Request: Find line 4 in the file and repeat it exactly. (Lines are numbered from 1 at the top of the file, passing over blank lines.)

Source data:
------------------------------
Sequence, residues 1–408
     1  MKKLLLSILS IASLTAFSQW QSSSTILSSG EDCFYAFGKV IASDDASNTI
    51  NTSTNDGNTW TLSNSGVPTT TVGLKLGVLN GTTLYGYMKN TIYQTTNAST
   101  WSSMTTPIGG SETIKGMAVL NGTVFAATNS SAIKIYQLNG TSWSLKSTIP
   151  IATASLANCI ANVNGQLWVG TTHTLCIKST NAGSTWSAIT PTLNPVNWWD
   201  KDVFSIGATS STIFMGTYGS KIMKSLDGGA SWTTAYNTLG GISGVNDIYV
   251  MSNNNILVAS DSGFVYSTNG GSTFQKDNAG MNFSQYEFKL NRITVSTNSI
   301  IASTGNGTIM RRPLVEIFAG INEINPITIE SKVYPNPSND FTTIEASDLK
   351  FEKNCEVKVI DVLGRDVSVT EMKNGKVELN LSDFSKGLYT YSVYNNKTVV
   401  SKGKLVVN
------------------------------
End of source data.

   101  WSSMTTPIGG SETIKGMAVL NGTVFAATNS SAIKIYQLNG TSWSLKSTIP